When you live in a city with a “black scar on its history that will never be erased,” as literary agent turned editor David Hale Smith writes in his introduction to Dallas Noir, what can you do but write stories that match the city’s dangerous paradoxes?
At least, so Smith thought after rock musician turned publisher Johnny Temple told him he wanted to add a volume of Dallas noir to the city by city series of dark tales his “reverse gentrification” independent press, Akashic Books, has published over the past decade.
Beginning with stories set in Akashic’s home neighborhood of Brooklyn, New York, the line has expanded to mud flinging romps across all five New York City boroughs, the United States and abroad. (Addis Ababa noir, anyone? Helsinki or Trinidad or Zagreb, Croatia? No place on Earth, it seems, is without its dark and deadly underside.)
And what, exactly, is noir? Not exactly crime fiction, not exactly mysteries, noir consists basically of “existential, pessimistic tales of deeply flawed characters on a downward spiral,” Smith told the overflow audience at last week’s launch of Dallas Noir, in Dallas, of course, at HalfPrice Books on Northwest Highway. “A happy ending is the antithesis of noir, because these characters are inherently corrupt.”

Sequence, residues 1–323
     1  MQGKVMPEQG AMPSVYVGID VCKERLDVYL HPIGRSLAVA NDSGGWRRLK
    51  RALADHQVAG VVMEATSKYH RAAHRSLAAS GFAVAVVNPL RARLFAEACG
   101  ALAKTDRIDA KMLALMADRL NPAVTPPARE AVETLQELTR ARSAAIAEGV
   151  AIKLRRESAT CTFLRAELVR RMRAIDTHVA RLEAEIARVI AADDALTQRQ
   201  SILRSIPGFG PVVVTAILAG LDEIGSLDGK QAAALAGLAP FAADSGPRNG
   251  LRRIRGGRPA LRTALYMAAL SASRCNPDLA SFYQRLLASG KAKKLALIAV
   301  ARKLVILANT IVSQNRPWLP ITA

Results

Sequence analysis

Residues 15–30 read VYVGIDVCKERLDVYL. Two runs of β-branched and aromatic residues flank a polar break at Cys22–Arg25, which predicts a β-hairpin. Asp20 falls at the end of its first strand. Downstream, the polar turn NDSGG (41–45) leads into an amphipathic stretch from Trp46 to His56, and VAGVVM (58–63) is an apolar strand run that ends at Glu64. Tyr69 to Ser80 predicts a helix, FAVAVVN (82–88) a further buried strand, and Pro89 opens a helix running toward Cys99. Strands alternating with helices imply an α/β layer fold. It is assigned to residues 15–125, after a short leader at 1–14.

Despite the ban on happy endings, seventeen Dallas writers gleefully exhibited the dark sides of Dallas neighborhoods and suburbs for the book. Matt Bondurant (The Wettest County in the World) drew on his experience with the city’s latest plague--West Nile virus. A cop in a story by historical writer Kathleen Kent (The Outcasts) finds her drug investigation complicated by the only hours-dead body of a Civil War general--or at least of his reenacting counterpart. Harry Hunsicker (The Contractors, coming 2014) traces the descent of a family business--armed robbery--from Depression-era outlaw and ancestress Bonnie Parker. And if you’re tempted to impersonate a stripper, don’t--unless you have a skillet handy and you’re being written by J. Suzanne Frank (Laws of Migration).
Even home buying, estate planning and dog walking prove become unnerving activities in the hands of Dallas writers with murder and mayhem on their minds.
And although the characters in this collection don’t get do-overs, readers can. Those who missed Dallas Noir’s launch can meet the cast of writers at Barnes & Noble bookstores in Lincoln Park (November 5) and SMU ( November 9), where students can interrogate their favorite teachers, Frank and David Haynes (A Star in the Face of the Sky.) Next week, Dallas Noir and company hit the road, with signings in Fort Worth, metroplex suburbs, and Austin and Houston. For more details, see
And for the rest of you out there with trigger fingers itching to hit the keyboard, check out Akashic’s list of short story interests. But don’t look back, Jack. This is no place to linger over long goodbyes. The limit’s 750 words.